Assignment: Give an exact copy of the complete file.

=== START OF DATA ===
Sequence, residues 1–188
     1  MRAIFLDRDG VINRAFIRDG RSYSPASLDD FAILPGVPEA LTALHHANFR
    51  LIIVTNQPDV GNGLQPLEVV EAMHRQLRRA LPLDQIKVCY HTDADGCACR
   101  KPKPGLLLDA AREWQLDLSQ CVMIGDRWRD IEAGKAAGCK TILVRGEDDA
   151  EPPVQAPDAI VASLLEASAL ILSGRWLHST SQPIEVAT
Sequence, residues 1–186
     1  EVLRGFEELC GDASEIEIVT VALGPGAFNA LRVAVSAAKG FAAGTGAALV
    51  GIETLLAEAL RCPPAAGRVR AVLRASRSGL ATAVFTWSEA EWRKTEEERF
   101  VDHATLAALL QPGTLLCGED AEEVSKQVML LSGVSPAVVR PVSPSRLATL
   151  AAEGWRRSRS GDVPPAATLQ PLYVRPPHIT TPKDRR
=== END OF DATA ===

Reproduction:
Sequence, residues 1–188
     1  MRAIFLDRDG VINRAFIRDG RSYSPASLDD FAILPGVPEA LTALHHANFR
    51  LIIVTNQPDV GNGLQPLEVV EAMHRQLRRA LPLDQIKVCY HTDADGCACR
   101  KPKPGLLLDA AREWQLDLSQ CVMIGDRWRD IEAGKAAGCK TILVRGEDDA
   151  EPPVQAPDAI VASLLEASAL ILSGRWLHST SQPIEVAT
Sequence, residues 1–186
     1  EVLRGFEELC GDASEIEIVT VALGPGAFNA LRVAVSAAKG FAAGTGAALV
    51  GIETLLAEAL RCPPAAGRVR AVLRASRSGL ATAVFTWSEA EWRKTEEERF
   101  VDHATLAALL QPGTLLCGED AEEVSKQVML LSGVSPAVVR PVSPSRLATL
   151  AAEGWRRSRS GDVPPAATLQ PLYVRPPHIT TPKDRR